The name "Black Powder" is relatively modern. It comes from the fact that the first smokeless powder, developed in the late 1800's, was a light gray color compared to the dark black of the propellant it would largely supplant. As stated earlier, prior to that time black powder was simply called gunpowder.

Currently, there are seven grades of sporting ('Type G') black powder that are commonly used for muzzleloading weapons.
Granule Size (in mm)
Cannon                         1.68 - 4.76

1Fg                                1.19 - 1.68

1.5Fg                                     .0.89 - 1.45 

2Fg                                0.59 - 1.19

3Fg                                0.29 - 0.84

4Fg                                0.15 - 0.42

0BFg   (Null B)             0.19 - 0.23

1.5Fg and Null B are only made by the Schuetzen Powder Company and found in their Swiss brand black powder. At one time Goex made a 5Fg (.149mm) grade but it's no longer in production. 

The "F" designation is the screen size used in manufacture and the resultant grain size (coarseness). The smaller the size of the granule, the faster the powder burns and the higher the pressure that is produced in the barrel. Because of this, the different granule sizes have specific uses.

Cannon Grade is a special granulation for optimum performance in cannons with a bore diameter of 1.75 inches and larger.

Fg (referred to as 'one F') is used in cannon with a bore diameter of 1.75 inches and under, .68 caliber and larger long guns and 12-bore and larger shotguns.

1.5Fg (one & a half F)  can be used for anything over .50 caliber except for large bore cannons.

FFg ('two F') is used in long guns and pistols from .50 to .68 caliber and shotguns under 12-bore

FFFg ('three F') is used in long guns and pistols from .30 to .50 caliber

FFFFg ('four F') is used for priming flintlocks and cannon only

0BFg ('Null B') is used for priming flintlocks only. As the fastest priming powder in the world, some shooters like it because with its smaller grain size, it ignites a little easier and burns a bit faster. In a flintlock, this can mean less delay between squeezing the trigger and the main charge going off. Some feel that this shortened delay can help improve accuracy.

WARNING!!! - Four F and Null B are used to prime flintlocks and cannon ONLY. NEVER use either one as the main charge in a firearm. Doing so will cause dangerously excessive pressure in the barrel which can result in the destruction of the firearm and serious injury or death to the shooter and possibly bystanders.

We often get asked "What does the letter "F" stand for? The answer is that it stands for "Fine" and goes back to the days when grain size was designated as F or C for "fine" or "coarse" grains. As you can see from the chart above, the number of times the letter F appears the smaller the grain size.

Today, sporting black powder comes packaged in one pound containers and can be purchased locally or on-line in quantities not to exceed 50 pounds. The purchase of any quantity over 50 pounds or bulk packed powder requires a Federal explosives permit as well as a BATFE approved powder magazine for storage. (see the 'Legal Stuff' page)

During a typical show season, H. M. Royal Artillery will usually burn through nearly 50 pounds of black powder. About half of that is used during the seven weeks of the Florida Renaissance Festival to open and close the show and conduct our live fire cannon and mortar demonstration. Because we use so much powder during a show season, we buy it in 50 pound lots. Purchased in single cans, black powder can cost from $25 to over $40 per pound depending on type, brand, supplier and quantity purchased. Fortunately, since we buy in quantity, we have found sources where we are able to get it for significantly less.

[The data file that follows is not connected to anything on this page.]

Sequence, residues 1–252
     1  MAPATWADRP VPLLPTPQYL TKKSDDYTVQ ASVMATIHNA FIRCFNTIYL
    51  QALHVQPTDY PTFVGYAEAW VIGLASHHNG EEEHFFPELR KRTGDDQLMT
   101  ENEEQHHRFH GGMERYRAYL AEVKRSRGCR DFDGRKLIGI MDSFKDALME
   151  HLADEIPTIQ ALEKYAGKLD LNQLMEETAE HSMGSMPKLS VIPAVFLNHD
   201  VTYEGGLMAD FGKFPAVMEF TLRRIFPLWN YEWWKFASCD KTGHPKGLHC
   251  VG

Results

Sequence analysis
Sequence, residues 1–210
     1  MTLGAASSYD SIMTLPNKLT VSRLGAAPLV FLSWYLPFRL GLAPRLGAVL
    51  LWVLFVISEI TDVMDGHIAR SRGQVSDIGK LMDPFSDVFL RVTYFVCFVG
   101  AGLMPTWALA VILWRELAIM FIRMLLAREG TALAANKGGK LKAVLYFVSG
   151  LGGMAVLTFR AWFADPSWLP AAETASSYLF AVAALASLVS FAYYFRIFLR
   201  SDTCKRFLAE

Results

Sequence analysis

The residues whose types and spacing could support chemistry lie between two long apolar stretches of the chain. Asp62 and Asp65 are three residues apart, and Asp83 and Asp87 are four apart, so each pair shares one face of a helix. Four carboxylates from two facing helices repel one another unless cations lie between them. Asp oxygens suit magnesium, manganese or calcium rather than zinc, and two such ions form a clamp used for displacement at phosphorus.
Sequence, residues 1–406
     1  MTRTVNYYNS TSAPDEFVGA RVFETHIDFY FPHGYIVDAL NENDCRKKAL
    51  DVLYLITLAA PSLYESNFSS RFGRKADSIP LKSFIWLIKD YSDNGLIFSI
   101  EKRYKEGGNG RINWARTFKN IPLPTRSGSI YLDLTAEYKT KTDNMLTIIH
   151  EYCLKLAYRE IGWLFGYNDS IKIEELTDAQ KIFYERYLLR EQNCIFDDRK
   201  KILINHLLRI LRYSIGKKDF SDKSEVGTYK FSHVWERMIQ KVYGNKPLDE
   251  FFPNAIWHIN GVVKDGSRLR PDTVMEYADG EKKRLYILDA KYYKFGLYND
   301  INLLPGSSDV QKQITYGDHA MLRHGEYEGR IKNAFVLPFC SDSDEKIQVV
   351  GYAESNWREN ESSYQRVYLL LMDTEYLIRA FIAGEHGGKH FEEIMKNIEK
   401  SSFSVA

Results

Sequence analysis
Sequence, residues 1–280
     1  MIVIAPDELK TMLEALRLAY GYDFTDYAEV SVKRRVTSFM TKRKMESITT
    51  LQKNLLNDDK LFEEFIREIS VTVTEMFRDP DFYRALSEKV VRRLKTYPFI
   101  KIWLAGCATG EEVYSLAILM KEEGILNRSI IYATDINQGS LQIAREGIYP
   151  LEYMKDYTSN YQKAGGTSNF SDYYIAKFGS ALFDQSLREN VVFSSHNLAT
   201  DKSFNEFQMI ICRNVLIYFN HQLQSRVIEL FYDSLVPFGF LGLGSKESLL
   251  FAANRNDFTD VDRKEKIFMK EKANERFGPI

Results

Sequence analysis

As a propellant, black powder is horribly inefficient because only about 45 to 50 percent of its mass turns into gas. The rest is solid residue that is forced out the muzzle as white smoke or left in the bore as corrosive fouling crud. This fouling in the barrel readily absorbs water vapor from the air which can rapidly result in the formation of rust. It's very important to thoroughly clean a weapon as soon as possible after firing.

A second type of black powder which the reader has often been exposed to, probably without knowing it, is fireworks ('Type A') powder. This powder has been a vital part of fireworks celebrations for hundreds of years. It provides the lift and bursting charge in aerial displays and is used, in one way or another, in almost every other pyrotechnic device and component. In fact, without black powder, there wouldn't be fireworks.

Fireworks powder is the exact same mixture of 75 percent potassium nitrate, 15 
percent charcoal and 10 percent sulfur that is found in sporting powder. The difference in the two types of powder comes from how they are processed after the base chemicals are combined.  

Some reference sources refer to fireworks type powder as 'blasting' powder but this isn't completely accurate. While FA powder is used for blasting, true blasting powder is 'Type B' which has a different chemical composition (see below).

There are ten different granulations of fireworks powder in common use today. These are, (from coarse to fine): FA, 2FA, 3FA, 4FA, 5FA, 6FA, 7A, Meal D, Meal F and Meal XF.

Several grades of fireworks powder match up with those of sporting powder:

2FA = Cannon Grade
4FA = 1Fg
5FA = 3Fg
7FA = 4Fg

Notice that there is no fireworks powder
equivalent for 1.5Fg, 2Fg or Null B sporting powder. As you might imagine, discussions comparing the two types of powder can easily become confusing.

The granules of fireworks powder have very rough shapes like freshly crushed stone while the granules of sporting powder are tumbled with graphite resulting in them being polished to a much more uniform shape. They come out nearly spherical like well worn river rocks. Fireworks powder is less dense due to the more irregular shapes occupying more volume for a given weight of powder. Also, because of the rough shapes, fireworks powder has a larger surface area for a given granule size. The graphite coating on sporting grade black powder also slows the burn rate slightly. Fireworks powder most often does not have this coating.  

The rough shape, lower density, greater surface area and the usual lack of graphite coating results in fireworks powder having a very slightly faster burn rate than sporting powder. As we have shown, several grades of fireworks powder can be substituted for sporting powder in muzzleloading weapons. However, since the faster burn rate produces somewhat higher barrel pressures, care must always be taken to carefully measure the powder to insure that the maximum allowable charge for the weapon is